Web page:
Murderer! Or misunderstood?
In September 2006, “Crocodile hunter” Steve Irwin was killed during a snorkeling trip to the Great Barrier Reef in Australia. The culprit: the bull ray. The bull ray’s barb had supposedly pierced his chest and into his heart. Moments later when the paramedics arrived, widely celebrated Irwin had already been pronounced dead. Many critics like Dr Colin Simpfendorfer, a former research scientist of the Western Australian Fisheries Department argued that it was not the bull ray which killed Irwin, but instead it is more likely to be the cowtail stingray. Till today there is no confirmation to which species was responsible for the celebrity’s death.
However the question should be: “Are stingrays as dangerous as we think?”
According to the Journal of Travel Medicine, stingrays are docile and usually non-aggressive. They only attack humans if provoked or threatened. Towards the end of the tails lies its venom. The long spines of the stingrays, measuring several inches long lay within the tail known as the cuneiform area, lie hidden from sight when unthreatened.
When threatened, the stingray begins its tail whip; the barbs on the spine tear through the tissue of the tail and juts out at an angle perpendicular to the tail. Some species of stingrays’ spines are so tough they can pierce bone, but they are mostly brittle and can even break off from the stingray and get stuck in the wound. Fortunately (or unfortunately), broken spines are able to regenerate quickly in stingrays as their only defense mechanism.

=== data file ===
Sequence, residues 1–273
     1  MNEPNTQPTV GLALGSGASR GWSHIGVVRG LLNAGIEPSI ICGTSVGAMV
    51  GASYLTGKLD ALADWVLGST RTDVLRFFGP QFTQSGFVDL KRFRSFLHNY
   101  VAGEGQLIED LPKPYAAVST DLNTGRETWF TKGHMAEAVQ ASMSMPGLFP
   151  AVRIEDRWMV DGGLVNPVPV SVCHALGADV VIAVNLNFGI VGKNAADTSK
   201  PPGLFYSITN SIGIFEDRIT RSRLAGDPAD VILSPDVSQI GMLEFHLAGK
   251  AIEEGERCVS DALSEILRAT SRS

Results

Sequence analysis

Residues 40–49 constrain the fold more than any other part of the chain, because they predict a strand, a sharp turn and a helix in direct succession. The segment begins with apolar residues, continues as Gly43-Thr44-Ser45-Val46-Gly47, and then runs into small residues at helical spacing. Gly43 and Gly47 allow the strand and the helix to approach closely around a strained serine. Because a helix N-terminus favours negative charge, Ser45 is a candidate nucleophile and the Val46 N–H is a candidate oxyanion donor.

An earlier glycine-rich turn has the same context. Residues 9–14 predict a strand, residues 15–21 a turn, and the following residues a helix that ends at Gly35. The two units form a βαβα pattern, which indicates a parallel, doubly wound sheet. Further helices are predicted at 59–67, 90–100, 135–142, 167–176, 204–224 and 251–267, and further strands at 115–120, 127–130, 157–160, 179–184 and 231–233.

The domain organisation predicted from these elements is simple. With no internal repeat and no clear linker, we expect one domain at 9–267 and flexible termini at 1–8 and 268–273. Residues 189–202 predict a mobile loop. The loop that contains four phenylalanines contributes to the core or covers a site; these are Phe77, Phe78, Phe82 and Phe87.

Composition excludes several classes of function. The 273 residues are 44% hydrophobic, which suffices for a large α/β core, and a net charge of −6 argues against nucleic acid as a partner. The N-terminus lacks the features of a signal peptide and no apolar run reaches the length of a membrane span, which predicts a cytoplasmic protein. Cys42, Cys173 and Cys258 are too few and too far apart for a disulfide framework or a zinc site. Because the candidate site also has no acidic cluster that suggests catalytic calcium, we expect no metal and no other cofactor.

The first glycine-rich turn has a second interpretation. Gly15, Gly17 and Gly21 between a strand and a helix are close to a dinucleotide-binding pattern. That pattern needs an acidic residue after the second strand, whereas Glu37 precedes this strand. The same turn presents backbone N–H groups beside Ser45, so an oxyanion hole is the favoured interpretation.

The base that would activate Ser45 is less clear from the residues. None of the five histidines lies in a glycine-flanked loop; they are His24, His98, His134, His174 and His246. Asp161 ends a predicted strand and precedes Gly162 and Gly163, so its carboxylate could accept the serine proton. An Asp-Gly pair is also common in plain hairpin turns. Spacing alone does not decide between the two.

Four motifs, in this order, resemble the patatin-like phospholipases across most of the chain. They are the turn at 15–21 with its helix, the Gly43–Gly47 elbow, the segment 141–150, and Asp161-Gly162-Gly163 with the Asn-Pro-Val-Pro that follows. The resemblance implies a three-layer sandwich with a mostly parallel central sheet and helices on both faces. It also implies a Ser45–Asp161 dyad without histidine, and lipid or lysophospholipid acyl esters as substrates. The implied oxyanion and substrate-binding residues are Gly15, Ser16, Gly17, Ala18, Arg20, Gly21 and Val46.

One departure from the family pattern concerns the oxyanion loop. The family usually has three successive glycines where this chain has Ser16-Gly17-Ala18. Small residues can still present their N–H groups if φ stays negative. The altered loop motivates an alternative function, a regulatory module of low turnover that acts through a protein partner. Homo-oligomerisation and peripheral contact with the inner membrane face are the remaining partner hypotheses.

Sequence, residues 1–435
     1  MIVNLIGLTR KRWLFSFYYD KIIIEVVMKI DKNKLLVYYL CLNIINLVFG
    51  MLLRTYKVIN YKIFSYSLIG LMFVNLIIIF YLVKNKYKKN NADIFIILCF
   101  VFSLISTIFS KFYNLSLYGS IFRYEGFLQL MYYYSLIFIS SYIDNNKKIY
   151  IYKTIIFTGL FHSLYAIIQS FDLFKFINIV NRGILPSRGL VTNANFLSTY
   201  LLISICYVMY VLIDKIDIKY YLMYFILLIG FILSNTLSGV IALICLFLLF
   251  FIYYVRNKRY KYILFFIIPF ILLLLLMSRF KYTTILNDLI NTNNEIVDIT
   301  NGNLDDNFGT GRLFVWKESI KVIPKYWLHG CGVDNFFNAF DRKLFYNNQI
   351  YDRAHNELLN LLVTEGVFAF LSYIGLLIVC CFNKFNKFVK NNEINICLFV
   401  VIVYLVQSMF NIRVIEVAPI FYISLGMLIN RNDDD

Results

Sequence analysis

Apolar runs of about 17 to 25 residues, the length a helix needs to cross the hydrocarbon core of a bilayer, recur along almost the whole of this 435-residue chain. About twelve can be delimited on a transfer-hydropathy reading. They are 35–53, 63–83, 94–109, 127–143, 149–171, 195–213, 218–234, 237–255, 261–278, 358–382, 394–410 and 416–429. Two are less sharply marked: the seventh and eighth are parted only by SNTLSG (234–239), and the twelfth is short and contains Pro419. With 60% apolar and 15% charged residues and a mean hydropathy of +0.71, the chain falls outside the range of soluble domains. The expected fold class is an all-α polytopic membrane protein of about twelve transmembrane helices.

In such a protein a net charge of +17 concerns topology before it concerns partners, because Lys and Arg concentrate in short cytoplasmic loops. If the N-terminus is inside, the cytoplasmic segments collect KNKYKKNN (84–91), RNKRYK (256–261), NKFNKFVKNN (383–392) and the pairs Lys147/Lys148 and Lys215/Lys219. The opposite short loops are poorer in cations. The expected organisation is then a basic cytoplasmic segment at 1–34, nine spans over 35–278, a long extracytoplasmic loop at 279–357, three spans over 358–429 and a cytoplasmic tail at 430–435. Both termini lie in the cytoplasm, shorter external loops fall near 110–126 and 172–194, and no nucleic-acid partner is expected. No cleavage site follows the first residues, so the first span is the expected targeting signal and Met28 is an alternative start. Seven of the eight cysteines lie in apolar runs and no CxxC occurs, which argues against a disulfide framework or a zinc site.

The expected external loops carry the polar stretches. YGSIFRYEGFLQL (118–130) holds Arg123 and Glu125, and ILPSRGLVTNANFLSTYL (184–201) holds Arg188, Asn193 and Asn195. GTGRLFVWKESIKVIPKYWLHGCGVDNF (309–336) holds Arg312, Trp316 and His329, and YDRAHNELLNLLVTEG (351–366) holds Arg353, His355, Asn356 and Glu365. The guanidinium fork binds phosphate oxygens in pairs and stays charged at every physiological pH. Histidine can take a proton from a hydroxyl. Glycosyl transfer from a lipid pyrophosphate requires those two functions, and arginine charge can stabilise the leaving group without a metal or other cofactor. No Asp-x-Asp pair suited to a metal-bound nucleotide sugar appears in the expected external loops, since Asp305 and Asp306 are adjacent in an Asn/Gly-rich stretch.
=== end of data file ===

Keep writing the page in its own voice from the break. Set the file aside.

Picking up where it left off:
A venom coating the barb is also released into the body through the wound, a process called envenomation. Though venomous, most stingray attacks are not fatal.
So should we be afraid of stingrays?
Stingrays are generally non-aggressive and the only reason why you would be stung by a stingray is that you have stepped on one or you are mistaken as a predator. Steve Irwin was probably mistaken as a predator and in an act of defense, the stingray impaled his chest.
The next time you visit Underwater World and the River Safari, you should have a peace of mind interacting with these creatures.
Clark, Josh. “Is a dead stingray’s sting still lethal?” 02 March 2009. HowStuffWorks.com. <http://science.howstuffworks.com/zoology/marine-life/dead-stingray-still-lethal.htm> Accessed on 10 April 2013.
Diaz, J. H. (2008), The Evaluation, Management, and Prevention of Stingray Injuries in Travelers. Journal of Travel Medicine, 15: 102–109
Taking The Sting Out Of The Ray. Mote Marine Laboratory. <http://www.mote.org/index.php?src=directory&view=magazine&refno=723&srctype=magazine_detail> Accessed on 10 April 2013
Premium Snorkel and Stingray City. Jaital. <http://www.jaital.com/premium-snorkel-and-stingray-city-tour_Byp1_8640.html> Accessed on 10 April 2013.
Stingray attacks in San Diego on the rise in 2012 – How to protect yourself and cure the stingray sting, by Chris Racan. 25 July 2012. <http://www.sdsurflife.com/2012/07/stingray-attacks-in-san-diego-on-rise.html> Accessed on 10 April 2013.
“Southern Stingray”, by Doug Perrine. Naturepl.com. Hosted on Arkive.org. < http://www.arkive.org/southern-stingray/dasyatis-americana/image-G26546.html> Accessed on 10 April 2013.